HRC’s Sharon Groves on Gay Rights in Religious Communities
It’s been an eventful month for the gay rights movement. Last Monday, the Supreme Court declined to review rulings overturning bans on same-sex marriage in five states—meaning 30 states will likely soon allow same-sex marriage. Then, Rabbi Gil Steinlauf of DC’s largest Conservative synagogue, Adas Israel, came out in a heartfelt letter to his congregation. This week, two days after National Coming Out Day, the Vatican softened its stance on same-sex unions, calling on pastors to recognize “positive aspects of civil unions and cohabitation.” Moment spoke with Sharon Groves, director of the Human Rights Campaign’s Religion and Faith program, on the history of gay rights in religious communities and the new challenges those communities are now facing.—Rachel E. Gross
For the communities you work with, what is the significance of this latest Supreme Court decision?
It means is that religious communities are going to have to wrestle with relationship recognition in ways they never have before. We’ve seen some encouraging signs of the time. In Utah, for instance, the Mormon church has been fervently antagonistic and really bankrolled the Prop 8 campaign. They’ve been a real problem in this arena. But recently, there was an article in the Salt Lake City Tribune in which leading apostle Dallin H. Oaks said: We’re going to approach this with civility. Nobody should be persecuted for sexual orientation. That may seem small, saying we can be civil with our adversaries. Nonetheless, there was a resignation that this is happening, we are not going to be a thorn in the side. It’s an opening for conversation.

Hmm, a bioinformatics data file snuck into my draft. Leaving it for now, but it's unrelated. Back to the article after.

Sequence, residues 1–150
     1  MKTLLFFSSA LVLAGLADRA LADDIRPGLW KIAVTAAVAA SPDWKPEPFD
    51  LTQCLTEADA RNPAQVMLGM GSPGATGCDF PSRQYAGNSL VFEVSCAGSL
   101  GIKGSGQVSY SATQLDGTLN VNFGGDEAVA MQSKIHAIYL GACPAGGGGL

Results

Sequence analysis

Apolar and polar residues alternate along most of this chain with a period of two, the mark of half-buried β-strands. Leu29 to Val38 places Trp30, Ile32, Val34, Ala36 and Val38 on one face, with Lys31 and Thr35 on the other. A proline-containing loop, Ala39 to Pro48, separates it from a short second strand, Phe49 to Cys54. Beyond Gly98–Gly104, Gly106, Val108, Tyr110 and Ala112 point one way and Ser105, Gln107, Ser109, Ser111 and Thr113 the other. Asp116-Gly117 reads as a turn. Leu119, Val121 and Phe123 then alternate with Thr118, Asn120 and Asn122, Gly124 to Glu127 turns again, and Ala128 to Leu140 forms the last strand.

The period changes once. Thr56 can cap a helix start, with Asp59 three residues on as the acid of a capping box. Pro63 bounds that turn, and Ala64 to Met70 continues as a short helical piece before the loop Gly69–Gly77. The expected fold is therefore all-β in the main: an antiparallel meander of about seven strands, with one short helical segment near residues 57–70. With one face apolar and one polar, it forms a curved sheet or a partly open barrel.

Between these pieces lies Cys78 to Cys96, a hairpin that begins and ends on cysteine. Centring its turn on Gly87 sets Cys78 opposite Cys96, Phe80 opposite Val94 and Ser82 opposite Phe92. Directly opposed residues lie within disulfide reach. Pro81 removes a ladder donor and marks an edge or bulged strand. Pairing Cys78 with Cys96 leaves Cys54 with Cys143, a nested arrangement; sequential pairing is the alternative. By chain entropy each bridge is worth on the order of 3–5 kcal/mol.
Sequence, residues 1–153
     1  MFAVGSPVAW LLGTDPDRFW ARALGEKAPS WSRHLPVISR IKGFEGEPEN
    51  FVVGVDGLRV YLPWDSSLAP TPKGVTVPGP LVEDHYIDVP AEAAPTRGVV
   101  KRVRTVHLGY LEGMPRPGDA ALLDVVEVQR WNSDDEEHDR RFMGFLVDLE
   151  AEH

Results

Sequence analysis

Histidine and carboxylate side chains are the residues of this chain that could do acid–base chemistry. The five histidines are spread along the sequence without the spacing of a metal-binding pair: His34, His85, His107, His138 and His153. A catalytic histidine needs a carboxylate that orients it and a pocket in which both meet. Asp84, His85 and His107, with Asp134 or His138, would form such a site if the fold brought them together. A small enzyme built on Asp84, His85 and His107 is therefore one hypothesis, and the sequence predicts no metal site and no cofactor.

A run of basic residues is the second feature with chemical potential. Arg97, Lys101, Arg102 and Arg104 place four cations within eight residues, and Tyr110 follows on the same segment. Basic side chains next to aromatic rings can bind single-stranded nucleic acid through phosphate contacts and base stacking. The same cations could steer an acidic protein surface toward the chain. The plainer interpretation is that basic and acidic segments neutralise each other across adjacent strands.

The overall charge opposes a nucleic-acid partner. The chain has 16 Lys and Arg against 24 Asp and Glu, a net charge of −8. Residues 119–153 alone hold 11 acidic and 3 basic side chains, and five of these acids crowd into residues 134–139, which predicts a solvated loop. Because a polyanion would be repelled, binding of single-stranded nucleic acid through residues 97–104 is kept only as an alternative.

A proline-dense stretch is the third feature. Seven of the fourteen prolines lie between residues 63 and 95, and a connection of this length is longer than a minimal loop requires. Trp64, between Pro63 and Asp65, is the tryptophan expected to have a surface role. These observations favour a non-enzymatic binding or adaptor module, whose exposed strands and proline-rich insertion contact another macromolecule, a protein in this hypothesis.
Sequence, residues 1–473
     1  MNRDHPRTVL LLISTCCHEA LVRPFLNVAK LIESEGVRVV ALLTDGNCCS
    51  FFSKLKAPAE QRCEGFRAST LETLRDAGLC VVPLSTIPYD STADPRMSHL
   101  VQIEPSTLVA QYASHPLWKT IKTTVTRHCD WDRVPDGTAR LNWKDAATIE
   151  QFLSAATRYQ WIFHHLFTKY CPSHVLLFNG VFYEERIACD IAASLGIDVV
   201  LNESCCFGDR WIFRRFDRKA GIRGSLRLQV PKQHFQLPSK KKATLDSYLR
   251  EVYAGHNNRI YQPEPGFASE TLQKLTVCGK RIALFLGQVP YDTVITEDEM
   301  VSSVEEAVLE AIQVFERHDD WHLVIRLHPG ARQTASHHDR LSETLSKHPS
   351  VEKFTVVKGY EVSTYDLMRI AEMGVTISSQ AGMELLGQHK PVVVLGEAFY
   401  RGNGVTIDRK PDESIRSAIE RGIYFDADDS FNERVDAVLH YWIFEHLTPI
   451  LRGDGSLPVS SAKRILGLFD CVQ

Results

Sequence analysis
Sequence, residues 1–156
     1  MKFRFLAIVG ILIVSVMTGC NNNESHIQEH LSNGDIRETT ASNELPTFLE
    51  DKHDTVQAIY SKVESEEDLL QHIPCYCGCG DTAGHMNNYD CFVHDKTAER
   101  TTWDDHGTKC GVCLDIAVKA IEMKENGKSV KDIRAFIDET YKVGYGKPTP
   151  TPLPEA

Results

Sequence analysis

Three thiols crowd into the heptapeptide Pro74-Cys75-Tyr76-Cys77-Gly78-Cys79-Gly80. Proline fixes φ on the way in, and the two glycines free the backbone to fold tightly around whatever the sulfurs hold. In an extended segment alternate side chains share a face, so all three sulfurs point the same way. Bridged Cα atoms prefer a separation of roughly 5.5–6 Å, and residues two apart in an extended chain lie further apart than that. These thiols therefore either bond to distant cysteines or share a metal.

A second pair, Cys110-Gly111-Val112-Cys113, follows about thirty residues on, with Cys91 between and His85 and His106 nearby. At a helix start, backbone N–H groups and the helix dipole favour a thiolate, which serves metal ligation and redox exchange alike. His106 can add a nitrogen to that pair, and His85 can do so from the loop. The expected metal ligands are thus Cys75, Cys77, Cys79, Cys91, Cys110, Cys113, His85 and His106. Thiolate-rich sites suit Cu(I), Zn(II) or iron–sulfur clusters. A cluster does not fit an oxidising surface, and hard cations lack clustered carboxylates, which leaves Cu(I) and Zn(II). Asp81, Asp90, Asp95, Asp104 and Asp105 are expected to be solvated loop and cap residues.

Oaks is only part of a larger shift in how religious communities consider gay rights. What has the change been from your perspective, and what challenges remain?
People for the most part no longer believe that LGBT people are just misadjusted heterosexual people, and that they can change with therapy. Across the board, conservative communities now recognize that gender identity is a real thing. Now people are dealing with the question: What do we do with these relationships?
What we see happening—and you see this often in Catholicism—is a separation between people who act on their orientation and people who are celibate. They’re saying we don’t think homosexuality is sinful, we don’t have a problem with you being gay—but you have to be celibate. That puts LGBT people in an untenable box. There are plenty of gay people who have chosen a celibate life, but those people are not everyone.
In God and The Gay Christian, Matthew Vines makes the argument that celibacy in the bible is always held up as a higher calling, and it’s always a choice. When you make the case that gay people have to be celibate, you’re essentially breaking from this biblical tradition. Given what the bible says about celibacy, what options are you really making open to same-sex people? What kind of life are you subscribing for your brothers and sisters?
How has the Jewish community been involved in the gay rights movement?
I’ve been working at this job for nearly a decade. When I started, the cornerstone of our work was often with progressive Protestant communities and then Reform and Reconstructionist Jewish communities. These are the communities which have historically been able to make the case that their faith calls them to support the full dignity and worth of LGBT people.